Sunday, February 3, 2013

On event model and decision model

In the article about "event model" by Luckham and Schulte, on which I have reported last week,   the term "decision model" was referenced as one of the complementary models to an event model.  This has created some discussion within the DMN LinkedIn group, the discussion was created by Paul Vincent who is one of the persons behind the DMN standard work.   I am following the DMN work, though not in an active way, and participated in the kick-off meeting in March 2011,  and also written on "decision models and event processing"  following the talk on "The Decision Model" by KPI at the same event. 

In order to view the relationship between "event model" and "decision model", we need first to understand what is a decision that a decision model is modeling 
 The DMN presentation defines decision as "A Decision is the act of applying decision logic to one or more inputs and produce one output".    This can relate to modeling a collection of business rules, which gets a request with an associated input and returns a result  ("concluded fact") or to a result of some quantitative model (such a scoring model or optimization model). 

In comparison event model is modeling event-driven logic, which is based on deriving situations or derived events based on filtering, transformation, aggregations, and pattern detection over a collection of input events.   

The question is what is the relationship between these two terms?  
we can start by looking at the relationship between business rules and event processing,  there have been long discussions about it in the past, the position I expressed was that related to a discussion with James Taylor in 2008, stated that event processing and decision management are different issues.  A decision may not be related to event, and an event processing may not trigger any decision.  However, there are also relations between them.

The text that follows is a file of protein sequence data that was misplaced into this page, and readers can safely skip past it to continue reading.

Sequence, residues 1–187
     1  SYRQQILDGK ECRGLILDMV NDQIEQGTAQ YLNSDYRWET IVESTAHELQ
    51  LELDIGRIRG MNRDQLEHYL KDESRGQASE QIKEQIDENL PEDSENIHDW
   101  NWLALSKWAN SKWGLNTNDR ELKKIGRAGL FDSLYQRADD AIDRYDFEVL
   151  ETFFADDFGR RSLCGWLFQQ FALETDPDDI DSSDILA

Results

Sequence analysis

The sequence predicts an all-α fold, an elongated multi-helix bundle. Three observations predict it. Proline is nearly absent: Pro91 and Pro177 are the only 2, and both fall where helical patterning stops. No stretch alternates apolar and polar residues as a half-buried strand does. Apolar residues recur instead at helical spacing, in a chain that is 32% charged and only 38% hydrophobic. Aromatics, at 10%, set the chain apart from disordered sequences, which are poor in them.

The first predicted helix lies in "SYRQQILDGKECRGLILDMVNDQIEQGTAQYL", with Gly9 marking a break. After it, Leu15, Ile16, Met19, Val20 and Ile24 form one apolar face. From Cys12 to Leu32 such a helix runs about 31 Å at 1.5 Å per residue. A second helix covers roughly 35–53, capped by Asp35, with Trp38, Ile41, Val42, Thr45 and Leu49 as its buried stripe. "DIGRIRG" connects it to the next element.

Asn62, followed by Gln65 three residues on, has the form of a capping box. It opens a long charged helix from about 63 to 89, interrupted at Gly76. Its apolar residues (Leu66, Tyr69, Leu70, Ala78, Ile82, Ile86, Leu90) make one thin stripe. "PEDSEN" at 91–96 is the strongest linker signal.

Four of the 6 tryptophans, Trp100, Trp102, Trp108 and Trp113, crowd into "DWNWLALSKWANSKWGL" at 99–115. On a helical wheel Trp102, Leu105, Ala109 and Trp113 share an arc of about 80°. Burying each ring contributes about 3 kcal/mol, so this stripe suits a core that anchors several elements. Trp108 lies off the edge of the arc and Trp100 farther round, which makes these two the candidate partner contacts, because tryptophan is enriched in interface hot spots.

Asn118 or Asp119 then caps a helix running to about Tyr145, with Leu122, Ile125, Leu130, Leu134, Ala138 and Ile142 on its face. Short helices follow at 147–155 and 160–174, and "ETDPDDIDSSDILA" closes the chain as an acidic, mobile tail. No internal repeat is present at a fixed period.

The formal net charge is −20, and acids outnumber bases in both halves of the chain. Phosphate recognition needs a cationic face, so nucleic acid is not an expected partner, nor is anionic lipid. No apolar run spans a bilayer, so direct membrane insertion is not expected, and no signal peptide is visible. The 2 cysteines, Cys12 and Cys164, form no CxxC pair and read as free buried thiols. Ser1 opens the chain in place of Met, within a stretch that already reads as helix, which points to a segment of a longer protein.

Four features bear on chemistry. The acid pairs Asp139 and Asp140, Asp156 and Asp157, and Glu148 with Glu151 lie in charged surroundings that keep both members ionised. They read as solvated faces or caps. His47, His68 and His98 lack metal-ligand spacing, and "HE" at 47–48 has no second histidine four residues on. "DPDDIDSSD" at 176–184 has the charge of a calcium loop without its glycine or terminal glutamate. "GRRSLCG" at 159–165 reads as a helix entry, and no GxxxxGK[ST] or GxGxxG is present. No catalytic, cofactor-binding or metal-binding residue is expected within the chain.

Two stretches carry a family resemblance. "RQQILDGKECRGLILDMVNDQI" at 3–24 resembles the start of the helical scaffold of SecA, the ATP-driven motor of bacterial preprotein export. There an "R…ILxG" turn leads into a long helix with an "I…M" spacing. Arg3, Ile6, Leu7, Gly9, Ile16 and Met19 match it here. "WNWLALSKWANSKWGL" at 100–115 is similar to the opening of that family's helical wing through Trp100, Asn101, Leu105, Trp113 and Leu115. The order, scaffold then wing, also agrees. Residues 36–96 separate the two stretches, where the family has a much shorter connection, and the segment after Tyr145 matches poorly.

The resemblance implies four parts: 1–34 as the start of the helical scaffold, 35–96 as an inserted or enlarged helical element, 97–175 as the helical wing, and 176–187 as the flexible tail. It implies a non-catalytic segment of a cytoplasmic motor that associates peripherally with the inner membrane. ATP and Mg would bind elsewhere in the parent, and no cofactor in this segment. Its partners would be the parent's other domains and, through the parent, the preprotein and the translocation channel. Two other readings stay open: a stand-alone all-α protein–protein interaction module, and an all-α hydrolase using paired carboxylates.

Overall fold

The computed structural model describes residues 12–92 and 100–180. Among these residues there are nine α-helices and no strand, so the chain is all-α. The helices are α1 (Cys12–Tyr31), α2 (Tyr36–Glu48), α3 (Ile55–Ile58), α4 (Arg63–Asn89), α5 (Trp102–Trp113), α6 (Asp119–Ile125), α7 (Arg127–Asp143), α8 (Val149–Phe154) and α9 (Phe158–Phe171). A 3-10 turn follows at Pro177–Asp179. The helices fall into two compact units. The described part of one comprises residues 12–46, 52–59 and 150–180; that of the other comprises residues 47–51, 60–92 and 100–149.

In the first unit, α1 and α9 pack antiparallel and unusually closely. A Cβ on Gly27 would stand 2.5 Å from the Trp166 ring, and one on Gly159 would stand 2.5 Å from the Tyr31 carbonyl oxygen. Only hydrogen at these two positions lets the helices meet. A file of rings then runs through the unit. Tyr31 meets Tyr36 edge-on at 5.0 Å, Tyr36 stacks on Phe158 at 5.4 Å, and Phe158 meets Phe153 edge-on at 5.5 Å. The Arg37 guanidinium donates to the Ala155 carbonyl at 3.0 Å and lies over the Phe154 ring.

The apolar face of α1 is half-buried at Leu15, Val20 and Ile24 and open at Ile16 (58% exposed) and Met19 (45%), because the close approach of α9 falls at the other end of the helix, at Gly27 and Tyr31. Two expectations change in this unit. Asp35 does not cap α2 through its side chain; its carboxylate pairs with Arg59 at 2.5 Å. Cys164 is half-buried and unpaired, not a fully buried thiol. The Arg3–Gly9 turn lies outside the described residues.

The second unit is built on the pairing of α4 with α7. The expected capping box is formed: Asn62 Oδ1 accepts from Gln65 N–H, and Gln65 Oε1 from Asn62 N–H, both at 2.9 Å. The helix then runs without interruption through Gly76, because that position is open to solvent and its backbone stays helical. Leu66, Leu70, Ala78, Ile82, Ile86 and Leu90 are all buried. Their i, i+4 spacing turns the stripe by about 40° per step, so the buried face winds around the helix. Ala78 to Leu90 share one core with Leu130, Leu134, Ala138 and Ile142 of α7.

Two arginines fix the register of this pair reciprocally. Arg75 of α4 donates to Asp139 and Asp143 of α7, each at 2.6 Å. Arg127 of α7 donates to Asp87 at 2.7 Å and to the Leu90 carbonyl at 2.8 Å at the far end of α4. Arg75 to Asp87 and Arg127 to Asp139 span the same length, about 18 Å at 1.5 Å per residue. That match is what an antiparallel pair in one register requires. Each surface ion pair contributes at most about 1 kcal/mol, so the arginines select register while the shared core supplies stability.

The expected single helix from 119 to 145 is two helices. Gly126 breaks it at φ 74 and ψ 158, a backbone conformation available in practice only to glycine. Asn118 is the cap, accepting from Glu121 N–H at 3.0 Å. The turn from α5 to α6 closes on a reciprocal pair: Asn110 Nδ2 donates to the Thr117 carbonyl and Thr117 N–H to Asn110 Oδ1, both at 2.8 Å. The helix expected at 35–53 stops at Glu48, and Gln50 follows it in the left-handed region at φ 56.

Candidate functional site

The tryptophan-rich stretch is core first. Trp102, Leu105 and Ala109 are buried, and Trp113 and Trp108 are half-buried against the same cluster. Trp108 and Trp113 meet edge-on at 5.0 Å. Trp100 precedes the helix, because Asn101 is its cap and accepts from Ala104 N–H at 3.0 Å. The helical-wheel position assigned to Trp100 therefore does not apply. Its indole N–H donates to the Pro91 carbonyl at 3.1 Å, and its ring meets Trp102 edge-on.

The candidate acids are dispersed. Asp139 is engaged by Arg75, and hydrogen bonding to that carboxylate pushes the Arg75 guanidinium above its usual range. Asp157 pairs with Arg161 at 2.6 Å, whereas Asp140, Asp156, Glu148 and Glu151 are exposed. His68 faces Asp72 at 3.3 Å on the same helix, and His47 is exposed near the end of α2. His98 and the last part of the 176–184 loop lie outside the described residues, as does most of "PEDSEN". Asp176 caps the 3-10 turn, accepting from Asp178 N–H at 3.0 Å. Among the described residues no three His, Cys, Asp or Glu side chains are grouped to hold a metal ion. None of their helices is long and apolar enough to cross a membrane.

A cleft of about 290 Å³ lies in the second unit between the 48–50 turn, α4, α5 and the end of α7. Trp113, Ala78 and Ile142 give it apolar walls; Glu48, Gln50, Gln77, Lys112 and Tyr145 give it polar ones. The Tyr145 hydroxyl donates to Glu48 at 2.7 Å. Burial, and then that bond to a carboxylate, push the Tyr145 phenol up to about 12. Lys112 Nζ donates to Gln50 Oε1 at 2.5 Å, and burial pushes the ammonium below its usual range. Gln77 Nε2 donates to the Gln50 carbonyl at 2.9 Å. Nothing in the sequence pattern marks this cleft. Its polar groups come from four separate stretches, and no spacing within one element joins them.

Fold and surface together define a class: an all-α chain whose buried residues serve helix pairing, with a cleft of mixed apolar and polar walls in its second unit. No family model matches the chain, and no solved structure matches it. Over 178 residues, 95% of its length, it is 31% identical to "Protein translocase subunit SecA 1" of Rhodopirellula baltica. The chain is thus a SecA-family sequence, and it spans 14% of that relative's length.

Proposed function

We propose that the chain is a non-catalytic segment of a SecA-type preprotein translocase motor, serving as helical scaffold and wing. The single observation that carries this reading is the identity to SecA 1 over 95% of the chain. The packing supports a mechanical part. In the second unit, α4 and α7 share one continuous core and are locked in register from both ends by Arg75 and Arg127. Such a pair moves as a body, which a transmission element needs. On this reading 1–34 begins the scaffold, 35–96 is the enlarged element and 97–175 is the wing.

In my recent presentations about event-driven applications I am using the "4 D" that coined by Jeff Adkins: 

 I found out that this is an easy way to explain both IT and business persons who are not familiar with event-based systems what it is in a nutshell.      Referring to this picture, an event model deals with the "detect" and "derive" phases.    The derived event may also by itself denote a decision (since it is obvious what to do if this situation is detected and does not require further decision),  or that the detection of this situation triggers a decision that can be modeled by a decision model (note that the situation may trigger a task, and then the decision may be embedded inside a business process model).  In the example referred to in the slide above,  the  "derive" phase detects that a traffic jam is coming, and the "decide" phased determines how to reset the traffic light policies in order to reduce the traffic jam -- in this case they are complimentary.

Another interesting point is that "decision" in the common interpretation is "request driven",  I have recently written about the distinction between "event driven" and "request driven".   One may claim that a request is an event (which is sometimes semantically doubtful), or that there is always some event that causes a person or a system to make a request (may be metaphysically true, but the event is not explicitly exposed).  However, request-driven is taking an action by request (a passive approach), while event-driven is taking an action without a specific request, due to either occurrence of event or detection of situation (an active approach).    An event can take 

Bottom line:  decision models and event model are complementary models.   I'll discuss similarities and differences in the content of what is modeled in a later phase. 

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